Warfarin Metabolism, continued

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The page below is a sample from the LabCE course Pharmacology in the Clinical Lab: Therapeutic Drug Monitoring and Pharmacogenomics. Access the complete course and earn ASCLS P.A.C.E.-approved continuing education credits by subscribing online.

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Warfarin Metabolism, continued

The genes involved in warfarin metabolism are CYP2C9 and vitamin K epoxide reductase complex subunit 1 (VKOR).
Warfarin owes its anticoagulant action to its inhibition of VKOR. This enzyme recycles vitamin K, a critical element for the clotting factors II, VII, IX, and X, as well as for proteins C, S, and Z.
There are six CYP2C9 alleles that are known to cause prolonged metabolism of warfarin: CYP2C9 *2, *3, *4, *5, *6, and *11. (Polymorphisms in CYP450 genes are denoted with asterisks.)
One-third of the patients who receive warfarin metabolize it differently than expected and experience a higher risk of bleeding.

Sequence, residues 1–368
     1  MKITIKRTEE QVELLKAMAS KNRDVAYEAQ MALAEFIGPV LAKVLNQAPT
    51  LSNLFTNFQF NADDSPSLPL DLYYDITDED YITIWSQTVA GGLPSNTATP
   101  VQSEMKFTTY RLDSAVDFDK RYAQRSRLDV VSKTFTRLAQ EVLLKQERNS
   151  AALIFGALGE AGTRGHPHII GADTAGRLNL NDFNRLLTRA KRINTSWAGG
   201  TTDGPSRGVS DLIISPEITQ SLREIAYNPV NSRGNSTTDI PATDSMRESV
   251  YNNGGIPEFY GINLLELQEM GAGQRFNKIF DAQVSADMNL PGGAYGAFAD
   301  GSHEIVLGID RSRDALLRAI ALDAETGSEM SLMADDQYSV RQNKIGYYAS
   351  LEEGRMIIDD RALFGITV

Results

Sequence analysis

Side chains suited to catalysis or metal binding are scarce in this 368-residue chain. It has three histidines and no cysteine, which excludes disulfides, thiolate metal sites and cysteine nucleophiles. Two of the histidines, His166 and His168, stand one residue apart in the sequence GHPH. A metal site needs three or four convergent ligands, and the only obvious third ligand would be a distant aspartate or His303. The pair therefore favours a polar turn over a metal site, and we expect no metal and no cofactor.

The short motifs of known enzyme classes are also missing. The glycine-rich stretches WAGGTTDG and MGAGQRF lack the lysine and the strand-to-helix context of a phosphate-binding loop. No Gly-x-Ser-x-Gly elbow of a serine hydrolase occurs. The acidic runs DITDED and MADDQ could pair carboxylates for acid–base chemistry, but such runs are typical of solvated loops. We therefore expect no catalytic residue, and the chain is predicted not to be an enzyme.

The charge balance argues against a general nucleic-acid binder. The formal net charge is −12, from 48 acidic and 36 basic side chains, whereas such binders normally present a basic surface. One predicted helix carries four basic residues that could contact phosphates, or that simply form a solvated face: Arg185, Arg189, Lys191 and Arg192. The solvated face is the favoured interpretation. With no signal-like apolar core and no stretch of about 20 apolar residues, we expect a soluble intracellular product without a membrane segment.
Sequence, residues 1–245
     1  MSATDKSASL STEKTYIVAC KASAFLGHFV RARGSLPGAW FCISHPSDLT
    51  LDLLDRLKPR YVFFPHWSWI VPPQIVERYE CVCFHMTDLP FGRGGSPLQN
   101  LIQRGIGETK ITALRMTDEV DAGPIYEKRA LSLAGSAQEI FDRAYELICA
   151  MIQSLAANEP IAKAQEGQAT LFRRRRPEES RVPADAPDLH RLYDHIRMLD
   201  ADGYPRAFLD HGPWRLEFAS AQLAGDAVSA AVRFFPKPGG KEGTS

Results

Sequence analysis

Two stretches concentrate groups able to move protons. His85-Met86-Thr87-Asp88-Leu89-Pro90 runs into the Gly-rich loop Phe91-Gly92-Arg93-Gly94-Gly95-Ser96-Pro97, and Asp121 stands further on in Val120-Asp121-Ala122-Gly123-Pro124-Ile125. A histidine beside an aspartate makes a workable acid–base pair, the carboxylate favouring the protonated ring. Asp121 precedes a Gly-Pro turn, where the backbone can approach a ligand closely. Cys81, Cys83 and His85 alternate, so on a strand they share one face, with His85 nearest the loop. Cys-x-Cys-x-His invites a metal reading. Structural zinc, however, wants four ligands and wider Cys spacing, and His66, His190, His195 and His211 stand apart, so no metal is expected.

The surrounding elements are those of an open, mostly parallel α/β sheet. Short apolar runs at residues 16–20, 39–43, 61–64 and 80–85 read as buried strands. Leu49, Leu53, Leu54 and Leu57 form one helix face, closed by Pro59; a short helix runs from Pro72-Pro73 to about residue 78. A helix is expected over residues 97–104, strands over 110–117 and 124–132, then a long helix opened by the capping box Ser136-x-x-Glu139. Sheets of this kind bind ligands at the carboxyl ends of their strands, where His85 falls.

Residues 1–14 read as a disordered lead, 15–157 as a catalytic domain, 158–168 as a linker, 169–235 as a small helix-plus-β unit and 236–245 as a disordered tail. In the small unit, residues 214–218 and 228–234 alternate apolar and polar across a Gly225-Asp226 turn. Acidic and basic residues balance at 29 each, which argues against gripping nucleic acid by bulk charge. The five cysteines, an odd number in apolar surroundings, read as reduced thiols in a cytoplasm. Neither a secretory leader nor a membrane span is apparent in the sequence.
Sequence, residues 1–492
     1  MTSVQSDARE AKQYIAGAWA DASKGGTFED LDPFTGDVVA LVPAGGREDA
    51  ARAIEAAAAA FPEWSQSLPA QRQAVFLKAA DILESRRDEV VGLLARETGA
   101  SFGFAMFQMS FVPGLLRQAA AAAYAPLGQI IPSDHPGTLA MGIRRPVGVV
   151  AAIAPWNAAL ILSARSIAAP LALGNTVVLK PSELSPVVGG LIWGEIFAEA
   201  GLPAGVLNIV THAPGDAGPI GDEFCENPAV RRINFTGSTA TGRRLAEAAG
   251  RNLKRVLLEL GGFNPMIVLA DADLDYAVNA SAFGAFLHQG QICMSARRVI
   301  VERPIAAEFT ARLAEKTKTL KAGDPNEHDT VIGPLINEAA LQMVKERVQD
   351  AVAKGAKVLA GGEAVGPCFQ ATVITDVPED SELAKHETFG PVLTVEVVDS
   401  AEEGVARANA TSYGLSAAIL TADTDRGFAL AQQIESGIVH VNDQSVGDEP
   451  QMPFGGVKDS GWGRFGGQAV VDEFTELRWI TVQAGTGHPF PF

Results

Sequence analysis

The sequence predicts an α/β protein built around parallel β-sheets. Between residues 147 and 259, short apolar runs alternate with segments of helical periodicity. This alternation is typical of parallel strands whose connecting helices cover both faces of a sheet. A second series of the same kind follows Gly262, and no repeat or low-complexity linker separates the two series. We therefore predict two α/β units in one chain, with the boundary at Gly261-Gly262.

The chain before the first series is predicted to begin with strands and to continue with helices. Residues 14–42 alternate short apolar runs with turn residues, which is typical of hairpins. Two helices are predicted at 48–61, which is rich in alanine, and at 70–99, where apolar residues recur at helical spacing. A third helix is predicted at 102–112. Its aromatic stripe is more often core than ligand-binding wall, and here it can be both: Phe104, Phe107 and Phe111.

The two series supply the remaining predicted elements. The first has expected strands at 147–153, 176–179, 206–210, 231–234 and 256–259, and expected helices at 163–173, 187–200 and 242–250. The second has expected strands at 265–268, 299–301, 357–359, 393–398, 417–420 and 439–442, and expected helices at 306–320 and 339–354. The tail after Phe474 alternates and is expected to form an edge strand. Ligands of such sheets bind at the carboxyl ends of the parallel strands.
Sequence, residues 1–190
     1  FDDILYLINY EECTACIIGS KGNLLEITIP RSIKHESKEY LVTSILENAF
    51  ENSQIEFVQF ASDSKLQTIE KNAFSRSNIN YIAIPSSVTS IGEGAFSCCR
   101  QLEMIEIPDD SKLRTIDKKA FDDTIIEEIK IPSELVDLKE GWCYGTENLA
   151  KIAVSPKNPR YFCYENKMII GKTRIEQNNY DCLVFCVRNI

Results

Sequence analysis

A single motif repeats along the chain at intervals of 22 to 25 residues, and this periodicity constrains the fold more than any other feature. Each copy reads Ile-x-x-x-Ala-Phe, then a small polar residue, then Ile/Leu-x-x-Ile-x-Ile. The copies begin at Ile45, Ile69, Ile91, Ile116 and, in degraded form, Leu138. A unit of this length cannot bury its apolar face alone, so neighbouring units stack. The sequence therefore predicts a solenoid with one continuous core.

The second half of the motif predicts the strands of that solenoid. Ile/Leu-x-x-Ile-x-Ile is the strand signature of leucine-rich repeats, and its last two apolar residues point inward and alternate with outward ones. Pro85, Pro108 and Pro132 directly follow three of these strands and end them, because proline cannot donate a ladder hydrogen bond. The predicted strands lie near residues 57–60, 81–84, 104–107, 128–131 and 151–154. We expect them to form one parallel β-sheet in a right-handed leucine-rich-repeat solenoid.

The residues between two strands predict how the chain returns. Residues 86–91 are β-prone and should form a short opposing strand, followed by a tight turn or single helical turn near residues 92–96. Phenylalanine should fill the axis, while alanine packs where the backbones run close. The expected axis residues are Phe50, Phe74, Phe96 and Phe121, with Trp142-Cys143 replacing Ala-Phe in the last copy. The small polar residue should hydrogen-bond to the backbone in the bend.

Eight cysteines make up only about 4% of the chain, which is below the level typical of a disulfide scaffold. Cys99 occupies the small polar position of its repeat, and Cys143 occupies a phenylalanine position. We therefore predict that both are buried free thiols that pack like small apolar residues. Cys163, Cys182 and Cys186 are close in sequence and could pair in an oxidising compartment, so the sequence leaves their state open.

Genetic testing for the two most common polymorphisms (CYP2C9*2 and *3) as well as for VKOR may be able to reduce the variability associated with warfarin dosing response.
Labs performing PGx testing can provide general warfarin dosing recommendations based on the patient's genotype analysis. The lab report will indicate whether a patient has a normal, mild, moderate, high, or very high sensitivity to warfarin. Online calculators or handy paper charts can then help physicians calculate an appropriate starting and maintenance dose given the phenotype of a particular person.
For example, a patient who has one CYP2C9 normal wild-type allele (CYP2C9 *1), one polymorphism (CYP2C9*3), and also a VKOR polymorphism is predicted to have a moderate sensitivity to warfarin. This patient should have frequent INR monitoring and possible warfarin dose reduction.
It is important to recognize that knowing a genotype does not necessarily guarantee accurate dose prediction; other drugs and/or environmental or disease factors can also alter CYP2C9 activity. Therefore, monitoring the INR is still very important.